Published: 09 November 2021

Transforming sustainability research into policy

We catch up with one of Surrey’s Centre for Environmental Health and Engineering (CEHE) students, Jo Herschan, who’s attending COP26 as part of her joint PhD at the Walker Institute and CEHE…

“I’m attending week two of COP26 as an observer in the ‘blue zone’, the area in which Ministers and government officials conduct negotiations,” says third-year PhD student Jo. “The Walker Institute, who selected me to attend, is a RINGO – or a Research and Independent Non-Governmental Organisation. Other observer groups are BINGO, which means Business and Industry NGOs, and YOUNGO, which means Youth NGOs. There are lots of others. COP loves an acronym!”

Official duties

Fun names aside, Jo’s attendance comes with responsibilities attached.

“I’m observing negotiations. RINGOs don’t take part in formal negotiations, but we are there to help hold our leaders to account,” she explains. “The discussions are broken down into lots of negotiating groups, which involve all the state representatives. The UK is in the group Annex 2, which involves the more economically developed and industrialised countries.

“I’m anticipating it will be a hugely overwhelming experience. I was relaxed about it when I first got the place. But more colleagues talked to me about it and were excited I was going.”

PhD research  

Jo’s also attending to benefit her PhD.  

She explains: “My PhD is about improving the quality of drinking water in rural environments. CEHE is a designated Collaborating Centre with the World Health Organization (WHO) for water and health. The WHO are rolling out new guidelines on small drinking water supplies. Some of my PhD will feed into a chapter about using data to improve the quality of these resources.

“The WHO realised the data is there, but appropriate actions aren’t necessarily always taken. I’m addressing the question of why these actions haven’t happened, and presenting best-case examples of how we can implement these science-based learnings and ensure appropriate actions happen to improve drinking-water and, ultimately, public health.”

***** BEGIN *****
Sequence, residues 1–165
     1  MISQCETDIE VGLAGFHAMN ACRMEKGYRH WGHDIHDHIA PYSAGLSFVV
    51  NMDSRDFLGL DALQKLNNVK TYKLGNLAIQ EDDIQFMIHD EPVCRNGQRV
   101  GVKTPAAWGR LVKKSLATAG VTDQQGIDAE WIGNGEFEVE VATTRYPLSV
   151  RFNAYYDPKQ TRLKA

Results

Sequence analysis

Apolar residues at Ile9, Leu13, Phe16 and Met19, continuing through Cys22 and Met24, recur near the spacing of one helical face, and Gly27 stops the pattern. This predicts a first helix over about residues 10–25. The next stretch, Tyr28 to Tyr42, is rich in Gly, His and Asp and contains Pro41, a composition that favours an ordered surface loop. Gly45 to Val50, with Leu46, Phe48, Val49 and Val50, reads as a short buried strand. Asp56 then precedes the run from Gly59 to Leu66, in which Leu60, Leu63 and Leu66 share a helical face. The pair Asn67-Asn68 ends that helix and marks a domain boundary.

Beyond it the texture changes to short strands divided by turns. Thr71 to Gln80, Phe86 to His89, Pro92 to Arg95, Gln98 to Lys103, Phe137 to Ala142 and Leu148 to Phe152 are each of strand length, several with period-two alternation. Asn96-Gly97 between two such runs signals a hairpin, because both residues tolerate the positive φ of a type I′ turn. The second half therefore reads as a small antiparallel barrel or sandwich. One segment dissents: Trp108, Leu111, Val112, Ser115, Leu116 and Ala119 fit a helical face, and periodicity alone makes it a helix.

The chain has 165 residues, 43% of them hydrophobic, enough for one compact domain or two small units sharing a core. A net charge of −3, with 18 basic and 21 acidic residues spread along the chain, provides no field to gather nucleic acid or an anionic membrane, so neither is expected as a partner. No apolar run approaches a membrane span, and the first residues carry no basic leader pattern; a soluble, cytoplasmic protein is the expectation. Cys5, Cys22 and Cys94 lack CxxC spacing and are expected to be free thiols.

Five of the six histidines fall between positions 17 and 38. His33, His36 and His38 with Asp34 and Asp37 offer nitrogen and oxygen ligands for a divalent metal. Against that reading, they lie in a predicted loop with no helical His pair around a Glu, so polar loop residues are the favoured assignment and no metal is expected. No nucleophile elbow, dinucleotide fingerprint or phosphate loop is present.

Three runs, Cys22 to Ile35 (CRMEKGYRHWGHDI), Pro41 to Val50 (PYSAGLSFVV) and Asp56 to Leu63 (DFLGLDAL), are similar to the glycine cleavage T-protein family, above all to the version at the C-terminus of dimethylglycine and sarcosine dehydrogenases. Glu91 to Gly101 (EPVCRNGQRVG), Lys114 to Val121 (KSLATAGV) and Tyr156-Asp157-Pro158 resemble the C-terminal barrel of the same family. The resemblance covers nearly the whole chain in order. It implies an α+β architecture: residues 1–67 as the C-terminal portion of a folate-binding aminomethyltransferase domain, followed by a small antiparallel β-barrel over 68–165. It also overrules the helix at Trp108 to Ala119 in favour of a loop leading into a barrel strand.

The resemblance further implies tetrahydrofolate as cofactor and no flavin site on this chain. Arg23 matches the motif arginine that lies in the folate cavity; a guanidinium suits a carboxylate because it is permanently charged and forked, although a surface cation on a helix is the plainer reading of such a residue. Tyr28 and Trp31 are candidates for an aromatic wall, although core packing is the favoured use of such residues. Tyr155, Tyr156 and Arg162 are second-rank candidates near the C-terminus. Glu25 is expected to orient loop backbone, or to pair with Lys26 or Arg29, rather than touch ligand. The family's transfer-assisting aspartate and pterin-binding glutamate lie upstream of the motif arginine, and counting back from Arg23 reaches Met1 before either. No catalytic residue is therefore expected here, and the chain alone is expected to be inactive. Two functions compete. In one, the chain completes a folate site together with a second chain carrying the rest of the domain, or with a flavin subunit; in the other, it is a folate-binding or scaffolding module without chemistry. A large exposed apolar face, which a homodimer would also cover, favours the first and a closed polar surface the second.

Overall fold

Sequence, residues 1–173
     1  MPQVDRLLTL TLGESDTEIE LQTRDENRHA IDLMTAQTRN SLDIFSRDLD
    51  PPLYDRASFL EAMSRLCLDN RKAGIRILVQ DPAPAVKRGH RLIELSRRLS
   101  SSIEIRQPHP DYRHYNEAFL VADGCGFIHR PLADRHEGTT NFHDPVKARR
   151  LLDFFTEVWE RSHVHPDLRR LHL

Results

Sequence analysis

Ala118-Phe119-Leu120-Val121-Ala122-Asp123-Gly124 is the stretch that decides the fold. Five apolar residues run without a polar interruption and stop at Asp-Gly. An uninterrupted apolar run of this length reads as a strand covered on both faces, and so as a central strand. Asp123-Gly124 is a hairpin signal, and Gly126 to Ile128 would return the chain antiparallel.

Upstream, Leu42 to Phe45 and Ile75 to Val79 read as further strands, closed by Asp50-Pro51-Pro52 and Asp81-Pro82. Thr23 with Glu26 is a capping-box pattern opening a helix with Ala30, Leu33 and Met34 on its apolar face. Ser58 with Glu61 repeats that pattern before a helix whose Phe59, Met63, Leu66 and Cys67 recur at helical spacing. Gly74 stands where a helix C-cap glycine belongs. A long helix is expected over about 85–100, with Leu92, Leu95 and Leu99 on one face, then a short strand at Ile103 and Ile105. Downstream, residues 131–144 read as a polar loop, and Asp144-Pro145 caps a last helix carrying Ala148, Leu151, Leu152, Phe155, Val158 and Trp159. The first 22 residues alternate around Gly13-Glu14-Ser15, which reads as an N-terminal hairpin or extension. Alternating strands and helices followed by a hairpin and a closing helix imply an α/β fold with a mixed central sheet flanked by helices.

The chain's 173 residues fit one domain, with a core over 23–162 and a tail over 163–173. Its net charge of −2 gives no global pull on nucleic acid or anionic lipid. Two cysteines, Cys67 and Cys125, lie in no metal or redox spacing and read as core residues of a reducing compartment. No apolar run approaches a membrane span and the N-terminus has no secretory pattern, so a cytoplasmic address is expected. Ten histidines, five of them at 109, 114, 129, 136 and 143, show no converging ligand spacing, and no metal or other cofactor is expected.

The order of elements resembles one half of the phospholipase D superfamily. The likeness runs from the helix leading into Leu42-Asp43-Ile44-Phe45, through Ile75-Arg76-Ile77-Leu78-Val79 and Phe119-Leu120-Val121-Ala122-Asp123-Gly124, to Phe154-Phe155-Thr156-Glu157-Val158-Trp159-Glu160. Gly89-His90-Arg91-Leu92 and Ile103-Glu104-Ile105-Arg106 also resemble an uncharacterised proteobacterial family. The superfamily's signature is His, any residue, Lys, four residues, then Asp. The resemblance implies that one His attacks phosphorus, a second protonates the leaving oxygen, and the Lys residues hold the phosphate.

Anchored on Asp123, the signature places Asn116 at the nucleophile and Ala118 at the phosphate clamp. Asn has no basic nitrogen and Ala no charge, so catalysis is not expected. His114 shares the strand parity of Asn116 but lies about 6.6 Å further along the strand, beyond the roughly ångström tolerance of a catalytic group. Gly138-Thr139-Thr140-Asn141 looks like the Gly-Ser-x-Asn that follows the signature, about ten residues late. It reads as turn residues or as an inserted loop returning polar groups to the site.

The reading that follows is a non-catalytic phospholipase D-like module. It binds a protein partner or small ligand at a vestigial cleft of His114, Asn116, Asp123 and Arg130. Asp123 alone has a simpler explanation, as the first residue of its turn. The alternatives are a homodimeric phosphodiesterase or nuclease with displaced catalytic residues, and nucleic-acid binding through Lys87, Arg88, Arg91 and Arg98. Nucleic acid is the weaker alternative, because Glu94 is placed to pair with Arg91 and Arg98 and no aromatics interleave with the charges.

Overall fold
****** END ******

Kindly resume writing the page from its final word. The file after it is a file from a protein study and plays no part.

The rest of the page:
Learning lessons from COP26

One lesson Jo is hoping to take from the event in Glasgow is observing how ideas become policy.

“I remember colleagues coming back from previous COPs and saying how frustrating the experience was,” comments Jo. “They said delegates pored over individual words rather than talked about the meat of the policy. Because of the pre-work they’ve done, I’m hoping these negotiations will be more meaningful.

“One thing the Covid-19 pandemic has shown us is that we need to listen to the science and adopt policies based on it.

“On the ground, there’s only so much we can achieve. The real mechanism for making a major societal difference is policy change. When it comes to addressing climate change – which is the most important topic of our generation – we need collective policy change. This is the key driver for action."

Staying positive

Jo adds: “Another aspect we sometime miss in the debate is positive rhetoric. The bleak statistics and worst-case scenarios are harrowing, but we should also be excited about the positive opportunities this global transition offers in bringing sustainable technologies and industries online.

“The chance to build a better future for everyone is there and that should be an uplifting message. Let’s hope it gets delivered – and put into tangible policy – at COP26.“